In sum, we are only at the beginning of understanding the psychophysiological effects of technology-related stress at work—the research base is limited and there is a striking lack of studies on inflammatory (re-)activity as a major pathway in the transition to disease (Becker et al. 2022a, b; Kaltenegger et al. 2021). Therefore, this study sought to investigate associations of different risk factors at work, including technostressors and general psychosocial working conditions (job demands, control, social support), with burnout symptoms and low-grade inflammation among employees of a university hospital. In particular, we examined the following research questions:
Are technostressors associated with burnout symptoms?
Are technostressors associated with low-grade inflammation?
If associations in (1) and (2) are significant, (3a) are they also existent, when controlling for general psychosocial work factors? (3b) are associations moderated by other technostressors or by general work factors (i.e., interaction effects)?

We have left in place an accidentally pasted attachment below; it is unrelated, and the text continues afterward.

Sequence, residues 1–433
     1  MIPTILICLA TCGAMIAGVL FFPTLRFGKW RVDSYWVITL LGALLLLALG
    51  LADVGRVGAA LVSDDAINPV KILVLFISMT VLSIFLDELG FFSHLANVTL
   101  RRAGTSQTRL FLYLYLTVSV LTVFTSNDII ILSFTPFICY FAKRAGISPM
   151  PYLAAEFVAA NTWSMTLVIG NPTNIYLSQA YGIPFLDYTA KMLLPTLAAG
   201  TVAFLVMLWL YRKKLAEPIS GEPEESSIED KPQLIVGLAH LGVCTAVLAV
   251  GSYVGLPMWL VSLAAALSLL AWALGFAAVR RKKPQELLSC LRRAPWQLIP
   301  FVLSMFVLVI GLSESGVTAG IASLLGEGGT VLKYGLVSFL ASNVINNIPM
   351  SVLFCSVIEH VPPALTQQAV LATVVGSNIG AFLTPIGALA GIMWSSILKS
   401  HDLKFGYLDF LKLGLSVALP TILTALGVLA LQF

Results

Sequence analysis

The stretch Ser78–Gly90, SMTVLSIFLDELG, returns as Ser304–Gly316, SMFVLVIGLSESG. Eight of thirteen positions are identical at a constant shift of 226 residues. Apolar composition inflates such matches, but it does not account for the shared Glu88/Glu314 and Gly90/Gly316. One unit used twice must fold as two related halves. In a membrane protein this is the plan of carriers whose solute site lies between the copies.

Design and ethics
This cross-sectional analysis is based on data collected in 2021 (June-November) as part of a larger cohort study on work stress and health sequelae in employees of the University Hospital of Ludwig-Maximilian University (LMU) Munich, Germany. The study protocol has been registered (for more information see: https://osf.io/94p6n/). The study was approved by the Ethics Committee at the Medical Faculty of LMU (20–0914) and is being performed in accordance with the ethical standards of the 1964 Helsinki Declaration. All participants included in the study provided written informed consent.